Libyan intelligence chiefs claimed in early February 2016, that the Islamic State is recruiting fighters from Africa’s poorest nations, including Chad, Mali and Sudan. ISIL offers generous salaries compared to the average wages in the region. Many of the fighters reach Libya using existing people-smuggling routes used by African migrants heading to Europe.
The “Media Office for Cyrenaica Province” has published photos and other material showing buildings with ISIL insignia, suicide bombers, parades, and pledges of allegiance to Abu Bakr al-Baghdadi. A reporter for The New York Times who visited the outskirts of Sirte found that ISIL had taken over the local radio station, and all four stations on the dial were being used to transmit Islamic sermons.
ISIL in Libya had threatened to facilitate the arrival of thousands of migrants to destabilize Europe if they are attacked.
Billboards instructing women how to dress according to ISIL’s interpretation of Sharia were erected in Sirte in July 2015. The billboard gave a list of restrictions on dress for women.
“Instructions on wearing the hijab according to Sharia
It must be thick and not revealing
It must be loose (not tight)
It must cover all the body
It must not be attractive
It must not resemble the clothes of unbelievers or men
It must not be decorative and eye-catching
It must not be perfumed.”
Human rights abuses and war crimes allegations
By late 2014, Derna was fully under ISIL control, with the Black Standard flying over government buildings, police cars carrying ISIL insignia, and the local football stadium being used for public executions. A Human Rights Watch report accused ISIL linked groups in control of Derna of war crimes and human rights abuses that include terrorizing residents in the absence of state authorities and the rule of law.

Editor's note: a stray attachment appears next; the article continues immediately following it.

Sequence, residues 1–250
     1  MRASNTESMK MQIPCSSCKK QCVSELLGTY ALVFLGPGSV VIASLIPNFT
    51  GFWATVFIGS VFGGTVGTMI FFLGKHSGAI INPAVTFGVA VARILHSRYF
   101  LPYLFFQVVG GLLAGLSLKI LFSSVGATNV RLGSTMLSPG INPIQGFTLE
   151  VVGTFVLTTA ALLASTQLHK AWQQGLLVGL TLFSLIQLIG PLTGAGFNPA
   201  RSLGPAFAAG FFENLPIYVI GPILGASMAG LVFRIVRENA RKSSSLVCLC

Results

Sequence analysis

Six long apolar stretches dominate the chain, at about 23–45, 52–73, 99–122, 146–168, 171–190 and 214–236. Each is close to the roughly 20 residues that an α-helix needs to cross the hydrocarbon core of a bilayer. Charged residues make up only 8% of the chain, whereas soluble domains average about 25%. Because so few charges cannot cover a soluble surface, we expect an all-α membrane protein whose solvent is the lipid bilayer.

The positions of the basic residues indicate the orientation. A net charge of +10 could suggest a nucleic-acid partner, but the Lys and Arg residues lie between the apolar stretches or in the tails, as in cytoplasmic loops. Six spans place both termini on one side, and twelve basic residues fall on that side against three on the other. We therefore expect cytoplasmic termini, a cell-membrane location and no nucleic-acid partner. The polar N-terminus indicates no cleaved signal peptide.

Human Rights Watch documented 3 apparent summary executions and at least 10 public floggings by the Islamic Youth Shura Council, which joined ISIL in November 2014. They also documented beheadings of three Derna residents and 250 seemingly politically motivated assassinations of judges, public officials, members of the security forces, journalists, and others with no public investigations. Sarah Leah Whitson, HRW Middle East, and North Africa director said,
“Commanders should understand that they may face domestic or international prosecution for the grave rights abuses their forces are committing.”
Under ISIL’s watch, women increasingly wore face veils and young men caught drinking alcohol were flogged. Education changes included male/female segregation of students, and the removal of history and geography from the curriculum. New Islamic religious police flyers ordered clothing stores to cover their mannequins and not to display “scandalous women’s clothes that cause sedition.” The law school was closed.
Claimed and alleged attacks
In November 2014, ISIL’s Cyrenaica wing claimed it had previously dispatched nine suicide bombers from Egypt, Libya, and Tunisia to carry out attacks against Libyan security forces in and around Benghazi. CNN reported that several of these attacks seemed to correspond to previously unclaimed suicide bombings, including a twin-attack on a Libyan special forces camp in Benghazi on 23 July 2014 and a 2 October 2014 attack on a military checkpoint near Benina airport.
Cyrenaica Province is the prime suspect in a 12 November 2014 suicide bombing in Tobruk that killed one and wounded 14, and a bombing outside Labraq air force base in Al-Bayda that killed four, according to a CNN report.
On November 13, bombs exploded near the embassies of Egypt and the UAE in Tripoli, however no casualties were reported. An ISIL-linked Twitter account suggested their Tripoli wing was responsible for the attacks, according to the SITE Intelligence Group.